This morning on work I was reading a Danish newspaper, when I saw an article that made me think “what the BEEEEP!”. Is it acceptable to justify the choice of condemning a person to death, saying that it´s the Bible that told the jurors to do it? I don´t think that a religious book should be used to this purpose. So why are all together trying to fight against Muslims and the use they do of the Koran? The idea behind is the same. And if someone would like to say, that USA is based on Christian values and so it´s acceptable to use the Bible as a “instrument of justice”, well… I say to these people, that kill a man is really not in line with the Christian doctrine. Maybe it´s in line with their interpretation of the Bible. In the end it´s a book, and it can be interpreted in many different ways.
This is not about being pro or against death penalty. It´s more about the fact that religion and personal values should being kept separated from the activity of the judicial branch. After all “The Establishment Clause of the First Amendment prohibits the establishment of a national religion by the Congress or the preference of one religion over another, non-religion over religion, or religion over non-religion”.
This is not the article I´ve read, but it´s just to give an idea of what happened.
Texas jurors send killer to his death ‘because the Bible told them to’
A Texas man is due to be executed next month despite admissions by jurors that they consulted biblical passages advocating death as a punishment to help to decide his fate.
Before sending Khristian Oliver to his death after he was convicted of murdering his victim — who was bludgeoned with a gun barrel — jurors read passages of the Old Testament, including one that states that a killer who uses an iron object to kill “shall surely be put to death”. Oliver, 32, is due to be executed on November 5. He was convicted in 1999 of the murder of Joe Collins, 64, during a 1998 break-in at the victim’s rural East Texas home.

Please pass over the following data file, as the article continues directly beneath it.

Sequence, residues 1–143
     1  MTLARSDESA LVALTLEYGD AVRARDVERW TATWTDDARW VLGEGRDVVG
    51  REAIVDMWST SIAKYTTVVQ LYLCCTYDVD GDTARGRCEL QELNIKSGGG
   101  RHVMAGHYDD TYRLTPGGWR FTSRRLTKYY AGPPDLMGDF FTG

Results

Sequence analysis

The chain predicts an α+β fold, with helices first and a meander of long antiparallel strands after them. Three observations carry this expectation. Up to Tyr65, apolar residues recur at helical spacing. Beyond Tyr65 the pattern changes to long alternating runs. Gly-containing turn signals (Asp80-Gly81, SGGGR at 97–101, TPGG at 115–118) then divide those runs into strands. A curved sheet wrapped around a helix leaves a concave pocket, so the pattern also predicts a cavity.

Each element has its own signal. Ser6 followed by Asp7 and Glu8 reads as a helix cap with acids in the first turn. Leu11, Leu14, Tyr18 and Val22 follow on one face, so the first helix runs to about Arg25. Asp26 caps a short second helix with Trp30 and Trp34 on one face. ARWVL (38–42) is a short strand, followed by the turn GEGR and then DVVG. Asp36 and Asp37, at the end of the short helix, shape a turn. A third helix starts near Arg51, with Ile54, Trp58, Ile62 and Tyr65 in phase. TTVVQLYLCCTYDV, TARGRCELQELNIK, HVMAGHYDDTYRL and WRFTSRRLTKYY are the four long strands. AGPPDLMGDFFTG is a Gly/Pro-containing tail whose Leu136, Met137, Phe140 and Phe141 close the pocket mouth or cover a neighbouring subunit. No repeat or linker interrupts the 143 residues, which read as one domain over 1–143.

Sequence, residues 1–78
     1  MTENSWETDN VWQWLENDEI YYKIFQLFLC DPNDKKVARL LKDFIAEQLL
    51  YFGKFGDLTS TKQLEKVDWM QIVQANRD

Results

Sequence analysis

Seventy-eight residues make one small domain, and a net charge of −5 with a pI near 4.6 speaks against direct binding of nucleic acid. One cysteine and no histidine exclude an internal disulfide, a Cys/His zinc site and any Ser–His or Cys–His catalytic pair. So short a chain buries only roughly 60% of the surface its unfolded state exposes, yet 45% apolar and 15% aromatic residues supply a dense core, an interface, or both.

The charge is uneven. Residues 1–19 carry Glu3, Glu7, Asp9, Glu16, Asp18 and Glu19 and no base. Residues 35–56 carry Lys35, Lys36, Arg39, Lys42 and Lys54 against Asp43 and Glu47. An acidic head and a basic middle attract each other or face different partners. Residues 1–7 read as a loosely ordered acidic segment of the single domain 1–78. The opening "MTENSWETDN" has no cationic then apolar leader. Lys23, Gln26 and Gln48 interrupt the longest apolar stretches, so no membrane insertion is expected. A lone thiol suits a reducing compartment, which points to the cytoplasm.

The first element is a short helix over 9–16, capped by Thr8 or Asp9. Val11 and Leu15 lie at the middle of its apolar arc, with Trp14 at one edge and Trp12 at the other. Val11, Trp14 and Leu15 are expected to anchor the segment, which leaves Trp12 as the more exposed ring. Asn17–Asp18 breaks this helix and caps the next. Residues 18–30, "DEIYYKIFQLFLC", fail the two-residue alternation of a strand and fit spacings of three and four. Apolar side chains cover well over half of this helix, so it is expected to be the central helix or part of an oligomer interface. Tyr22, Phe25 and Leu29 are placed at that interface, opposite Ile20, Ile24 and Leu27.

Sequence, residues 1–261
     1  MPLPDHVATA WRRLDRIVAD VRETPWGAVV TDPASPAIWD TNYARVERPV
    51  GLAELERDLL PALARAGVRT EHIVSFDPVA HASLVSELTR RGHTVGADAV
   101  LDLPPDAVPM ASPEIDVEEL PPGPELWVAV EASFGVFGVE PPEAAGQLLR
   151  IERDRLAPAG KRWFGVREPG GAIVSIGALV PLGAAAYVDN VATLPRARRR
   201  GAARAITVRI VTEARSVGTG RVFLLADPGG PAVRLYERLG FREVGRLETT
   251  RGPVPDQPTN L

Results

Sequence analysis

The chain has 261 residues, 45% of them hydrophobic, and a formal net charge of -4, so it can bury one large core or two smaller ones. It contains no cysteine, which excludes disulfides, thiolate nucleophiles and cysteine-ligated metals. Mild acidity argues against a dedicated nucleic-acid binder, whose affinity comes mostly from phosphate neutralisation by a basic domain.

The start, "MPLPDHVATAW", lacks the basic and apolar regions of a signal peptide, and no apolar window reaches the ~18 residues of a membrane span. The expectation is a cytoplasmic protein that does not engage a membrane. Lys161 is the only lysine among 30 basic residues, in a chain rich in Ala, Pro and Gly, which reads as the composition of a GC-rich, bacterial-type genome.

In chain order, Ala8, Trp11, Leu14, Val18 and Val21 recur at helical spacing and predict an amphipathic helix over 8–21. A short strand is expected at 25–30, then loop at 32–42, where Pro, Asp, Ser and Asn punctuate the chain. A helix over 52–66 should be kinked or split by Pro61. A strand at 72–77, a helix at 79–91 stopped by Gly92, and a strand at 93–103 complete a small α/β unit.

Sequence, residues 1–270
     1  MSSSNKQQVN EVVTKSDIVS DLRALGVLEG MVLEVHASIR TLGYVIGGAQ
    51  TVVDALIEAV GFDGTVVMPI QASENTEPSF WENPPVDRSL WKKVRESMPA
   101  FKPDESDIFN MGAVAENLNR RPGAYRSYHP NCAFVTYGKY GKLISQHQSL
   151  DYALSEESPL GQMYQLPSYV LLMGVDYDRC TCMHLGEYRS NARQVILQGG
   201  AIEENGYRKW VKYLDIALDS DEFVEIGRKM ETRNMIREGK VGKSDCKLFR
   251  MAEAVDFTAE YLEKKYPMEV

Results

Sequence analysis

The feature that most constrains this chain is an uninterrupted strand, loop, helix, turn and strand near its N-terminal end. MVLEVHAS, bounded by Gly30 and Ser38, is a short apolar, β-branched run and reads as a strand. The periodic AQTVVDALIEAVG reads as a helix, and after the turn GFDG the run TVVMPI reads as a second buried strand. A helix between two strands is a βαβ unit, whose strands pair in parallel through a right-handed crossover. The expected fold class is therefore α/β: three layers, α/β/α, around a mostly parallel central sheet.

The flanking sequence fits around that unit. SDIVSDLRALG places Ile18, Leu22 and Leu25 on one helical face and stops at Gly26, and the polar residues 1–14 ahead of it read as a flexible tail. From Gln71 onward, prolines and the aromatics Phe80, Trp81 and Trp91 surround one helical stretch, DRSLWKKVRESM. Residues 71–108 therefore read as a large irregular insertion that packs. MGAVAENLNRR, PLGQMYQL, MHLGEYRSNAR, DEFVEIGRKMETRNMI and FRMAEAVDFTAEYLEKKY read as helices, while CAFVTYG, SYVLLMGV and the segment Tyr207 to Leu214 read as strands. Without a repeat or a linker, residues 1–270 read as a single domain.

During the trial, the jurors were instructed by the judge not to refer to anything that was not presented as evidence in the courtroom.
Amnesty International called on the Texas authorities to commute Oliver’s death sentence because since his trial, jurors had admitted that they read the Bible while they decided whether he should live or die. In particular, they said that Bibles were passed around with specific passages highlighted, and that one juror read aloud to his fellow jurors the passage, from Numbers XXXV, 16: “And if he smite him with an instrument of iron, so that he die, he is a murderer: the murderer shall surely be put to death.”
Mr Collins was shot by Oliver and then repeatedly struck with a gun barrel.
In a post-trial hearing two months after Oliver was condemned to death, four jurors acknowledged to the judge that Bibles had been present in the jury room, and that highlighted passages were passed around.
In 2002 a Danish journalist interviewed a fifth juror, who said that “about 80 per cent” of the jurors had “brought scripture into the deliberation” and that they had consulted the Bible “long before we ever reached a verdict”.
The fifth juror also said that he believed “the Bible is truth from page one to the last page”, and that if civil law and biblical law were in conflict, the latter should prevail.
He added that if he had been told he could not consult the Bible, “I would have left the courtroom”. He described himself as a death penalty supporter, saying that life imprisonment was a burden on the taxpayer.
The 5th US Circuit Court of Appeals said last year that jurors had wrongly used the Bible and that it had amounted to an “external influence” prohibited under the US Constitution. Yet the court said there was not enough evidence to show they were prejudiced when they decided to send Oliver to death row.
In April the US Supreme Court — the final chance Oliver had to appeal against his death sentence — refused to hear the case, despite being urged to do so by 50 former and current federal and state prosecutors. Kate Allen, the British director of Amnesty, called the use of the Bible in the juror’s deliberations “deeply, deeply troubling”.